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NW wheat exports rebound from last year

USDA anticipates global wheat production to be lower in 2017-2018, but global wheat consumption will remain at last year’s record high level.
Matthew Weaver

Capital Press

Published on September 20, 2017 9:55AM

Last changed on September 20, 2017 10:14AM

Winter wheat is harvested near Walla Walla, Wash. Wheat exports have increased this year but most prices remain low.

Matthew Weaver/Capital Press File

Winter wheat is harvested near Walla Walla, Wash. Wheat exports have increased this year but most prices remain low.

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Export sales of soft white wheat are up 42 percent year to date, a U.S. Wheat Associates market analyst says, but prices continue to lag the five-year average.

The higher volume, 3 million metric tons, is accompanied by low prices, said Stephanie Bryant-Erdmann, market analyst for U.S. Wheat Associates. The average export price for 10.5 maximum protein soft white wheat as of Sept. 7 is $203 per metric ton, up 1 percent from last year but 24 percent below the five-year average. Soft white wheat is primarily grown in the Pacific Northwest.

The average export price for 12 percent protein hard red winter wheat from the Pacific Northwest is $238 per metric ton, up 9 percent from 2016-2017 but 15 percent below the five-year average. Dark northern spring wheat with 14 percent protein from the region has averaged $303 per metric ton, up 20 percent from 2016-2017 but 1 percent below the five-year average.

The top five buyers of soft white wheat for the marketing year to date are the Philippines at 617,000 metric tons, South Korea at 509,000 metric tons, Japan at 303,000 metric tons, China at 271,000 metric tons and Indonesia at 268,000 metric tons.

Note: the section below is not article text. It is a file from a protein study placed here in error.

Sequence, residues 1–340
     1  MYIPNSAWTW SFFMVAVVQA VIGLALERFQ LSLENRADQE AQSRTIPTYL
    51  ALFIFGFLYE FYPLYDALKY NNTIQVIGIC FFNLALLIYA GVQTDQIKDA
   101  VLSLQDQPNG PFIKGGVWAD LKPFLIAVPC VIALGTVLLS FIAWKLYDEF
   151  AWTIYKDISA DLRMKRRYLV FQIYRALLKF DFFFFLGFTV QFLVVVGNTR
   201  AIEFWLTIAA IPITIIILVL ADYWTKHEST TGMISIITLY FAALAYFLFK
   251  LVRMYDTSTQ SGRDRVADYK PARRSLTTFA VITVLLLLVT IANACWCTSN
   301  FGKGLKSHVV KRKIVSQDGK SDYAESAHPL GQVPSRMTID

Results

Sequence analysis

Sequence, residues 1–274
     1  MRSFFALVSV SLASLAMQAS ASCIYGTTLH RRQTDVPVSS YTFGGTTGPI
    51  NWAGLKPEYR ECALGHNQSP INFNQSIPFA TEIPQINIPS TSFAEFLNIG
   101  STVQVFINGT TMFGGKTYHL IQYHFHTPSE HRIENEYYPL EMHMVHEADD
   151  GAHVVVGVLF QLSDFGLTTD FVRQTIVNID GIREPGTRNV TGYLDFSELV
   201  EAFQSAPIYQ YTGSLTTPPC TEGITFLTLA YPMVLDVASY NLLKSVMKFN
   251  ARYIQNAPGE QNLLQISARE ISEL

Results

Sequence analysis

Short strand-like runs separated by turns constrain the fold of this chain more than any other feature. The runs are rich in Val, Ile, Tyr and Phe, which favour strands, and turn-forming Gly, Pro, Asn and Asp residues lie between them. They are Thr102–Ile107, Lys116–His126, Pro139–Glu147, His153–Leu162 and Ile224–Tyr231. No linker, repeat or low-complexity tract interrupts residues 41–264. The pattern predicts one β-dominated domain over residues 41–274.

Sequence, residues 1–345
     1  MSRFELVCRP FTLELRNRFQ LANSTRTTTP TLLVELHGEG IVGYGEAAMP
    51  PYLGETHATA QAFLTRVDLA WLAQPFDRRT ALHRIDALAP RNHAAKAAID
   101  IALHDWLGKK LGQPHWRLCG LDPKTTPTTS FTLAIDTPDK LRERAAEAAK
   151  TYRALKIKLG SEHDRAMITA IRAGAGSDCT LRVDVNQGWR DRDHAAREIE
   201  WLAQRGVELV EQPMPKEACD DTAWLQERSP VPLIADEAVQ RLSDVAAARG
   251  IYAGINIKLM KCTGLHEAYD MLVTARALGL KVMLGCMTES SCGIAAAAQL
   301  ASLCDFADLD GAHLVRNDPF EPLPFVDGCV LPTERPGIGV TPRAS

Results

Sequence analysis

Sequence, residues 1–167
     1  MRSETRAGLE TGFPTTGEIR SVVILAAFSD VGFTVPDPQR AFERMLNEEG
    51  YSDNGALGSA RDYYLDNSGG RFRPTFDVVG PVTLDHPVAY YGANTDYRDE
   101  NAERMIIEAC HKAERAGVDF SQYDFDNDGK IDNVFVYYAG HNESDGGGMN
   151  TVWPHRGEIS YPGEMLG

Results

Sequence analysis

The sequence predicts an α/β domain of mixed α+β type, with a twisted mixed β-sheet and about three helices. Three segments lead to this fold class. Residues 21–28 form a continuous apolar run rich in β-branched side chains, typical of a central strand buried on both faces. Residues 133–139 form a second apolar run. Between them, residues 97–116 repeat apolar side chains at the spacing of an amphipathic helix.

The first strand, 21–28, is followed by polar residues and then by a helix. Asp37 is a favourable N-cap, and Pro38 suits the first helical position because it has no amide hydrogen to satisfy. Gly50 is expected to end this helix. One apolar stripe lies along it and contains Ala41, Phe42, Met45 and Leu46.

Overall U.S. wheat export sales for the 2016-2017 marketing year that ended in May jumped 37 percent over the previous year, reflecting an improvement in the overseas market after two “tough” years, Bryant-Erdmann said in an email. Export sales so far in the 2017-2018 marketing year are off 1 percent from the same time last year.

Pummeled by “significant headwinds from foreign exchange rate disadvantages, cheap ocean freight and large global wheat crops,” U.S. wheat sales were 20.7 million metric tons during the 2015-16 marketing year, the lowest in the past five years, according to Bryant-Erdmann.

U.S. Wheat Associates markets U.S.-grown wheat overseas.

Export sales in 2016-2017 rebounded to 28.7 million metric tons, and USDA predicts 26.5 million metric tons in sales for the current marketing year, which would be in line with the five-year average.

The marketing year runs from June to May.

Bryant-Erdmann called the outlook for the rest of the marketing year “strong.”

“High-quality U.S. wheat will continue to be in demand,” she said.

USDA anticipates global wheat production to be lower in 2017-2018, but global wheat consumption will remain at last year’s record high level.

“With a smaller global wheat crop, milling quality becomes even more important,” Bryant-Erdmann said.

With the Northern Hemisphere’s wheat crop in the bin, wheat production in the Southern Hemisphere, specifically Argentina and Australia, will be watched closely. Bryant-Erdmann said factors to watch for include weather impacts, planted areas, changes in the value of the U.S. dollar and the outcome of the North American Free Trade Agreement renegotiations.



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